Two useful time series conventions need to be presented before going forward with this brief introduction to ARIMA. The first convention is the backshift notation. The second convention is differencing notation.
The backshift operator is defined by the expression:
_{}.
For example, _{}.
Differencing creates a transformed series that consists of the differences between lagged raw series values. The single lag difference operator is often denoted by the symbol _{}. Using this symbol, the first and second differences for the time series _{} can be defined as:
_{} _{}.
Differencing with the single lag operator _{} is sometimes called ordinary differencing. Differencing can also be applied at a seasonal lag. For a series with a seasonal cycle of 12 intervals, the first seasonal difference would be defined as _{}.
Using the backshift operator, the first difference can be written as _{}, the second difference as _{}, and so on.
The “I” in ARIMA refers to differencing necessary to achieve stationarity. We can now introduce the general ARIMA model.
ARIMA Process
A time series _{} is as ARIMA (p,d,q) process if the differenced series _{} is a stationary autoregressive moving average (ARMA) process defined by the expression
_{}
where B is the backshift operator defined by _{},
_{ }
_{ } and
_{} is identically and normally distributed with mean zero, variance _{},
and _{}, i.e., _{}.
For a more thorough presentation of ARIMA modeling, see a comprehensive time series text such as Brockwell and Davis, 1996.
Most of the available software packages allow for the presence of embedded missing values in time series data. Therefore, it may not be necessary to replace missing values, and outliers can in this case be handled by considering them as missing. However, the analyst needs to understand the method that the software will use to estimate missing values and be confident that the method is appropriate for the specific investigation.
The first step then in ARIMA time series modeling is to determine whether ordinary or seasonal ARIMA is appropriate. If a recurrent seasonal pattern is expected and the existence of this pattern verified in the visual inspection of the data plots, then seasonal ARIMA should be used. Otherwise, an ordinary ARIMA model should be developed.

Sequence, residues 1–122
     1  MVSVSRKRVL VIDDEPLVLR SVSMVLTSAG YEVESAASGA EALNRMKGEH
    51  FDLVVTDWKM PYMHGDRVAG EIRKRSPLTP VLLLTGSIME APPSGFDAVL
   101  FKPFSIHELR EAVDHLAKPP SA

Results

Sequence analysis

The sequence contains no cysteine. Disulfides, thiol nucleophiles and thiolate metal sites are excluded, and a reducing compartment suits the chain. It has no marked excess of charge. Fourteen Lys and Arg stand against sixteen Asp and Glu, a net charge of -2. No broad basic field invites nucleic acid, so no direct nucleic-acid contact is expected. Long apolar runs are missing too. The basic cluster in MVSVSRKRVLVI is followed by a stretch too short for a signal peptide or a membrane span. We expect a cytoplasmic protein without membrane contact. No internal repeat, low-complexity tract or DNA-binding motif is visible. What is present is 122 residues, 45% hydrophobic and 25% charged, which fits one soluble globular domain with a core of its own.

Box and Jenkins (1976) developed what has come to be the accepted methodology for applying ARIMA models. The basic steps of this process are model identification, model estimation, and model diagnosis.
The model identification stage includes the following determinations:
8) type and level of differencing required for stationarity
9) series transformations necessary to deal with heteroscedacity
10) approximate model form based on analysis of the autocorrelations and partial autocorrelations of the differenced and transformed series
A nonlinear regression algorithm is then used in the model estimation stage to determine parameter values for the fitted model. Unless the autocorrelations and partial autocorrelations definitively indicate a “best” model form, the model estimation step also includes fitting several reasonable models and using goodness of fit statistics and information criteria to select the preferred model.
In model diagnosis, the performance of the preferred model is evaluated in its own right. This step involves checking the model parameters for statistical significance and analyzing the one step forecast residuals to see if they are uncorrelated. If the residuals are not sufficiently uncorrelated, the structure of the residual correlation can be used as a basis for modifying the model form. The steps are iterated in this fashion until an acceptable model is produced.
The model estimating procedure presented in this manual differs from the classic Box Jenkins approach in relation to model specification. For model specification, the Box-Jenkins methodology relies heavily on analysis of the plots of the sample autocorrelations and partial autocorrelations. Although these plots can provide useful guidance as to the appropriate model form, they are more useful for identifying pure AR or MA processes than they are at identifying mixed ARIMA processes. Also, in practice, most series are best modeled with low-order, parsimonious models. Therefore, rather than relying on the autocorrelation and partial autocorrelation plots for model identification, a more robust approach is to fit all models with orders constrained to some search space, e.g., _{} and _{}, and then select the best model form based on goodness of fit statistics. For this final model selection stage, a class of goodness of fit statistics known as information criteria have been developed that attempt to provide information on the future predictive performance of estimated models by applying a penalty that increases as the number of model parameters increases. The two most well known are the Akaike information criterion (AIC) and the Schwartz Bayesian criterion (SBC). These will be discussed more under model selection below.
The sample autocorrelation and partial autocorrelation plots are indispensable for determining if differencing is needed and to develop a general idea of the appropriate model form. Simply stated, the sample autocorrelations are measures of the strength of correlation between values in the sample separated by specific lags. The sample partial autocorrelations are the marginal correlation that has been adjusted to remove the contribution from all shorter lags. In other words, the sample autocorrelation at a lag of 12 measures the correlation between observations in the series that are separated in time by 12 time intervals. The sample partial autocorrelation at a lag of 12 is the portion of this autocorrelation that is solely due to the correlation between observations separated in time by 12 time intervals taking into account the correlation between observations separated by 11 or fewer time intervals.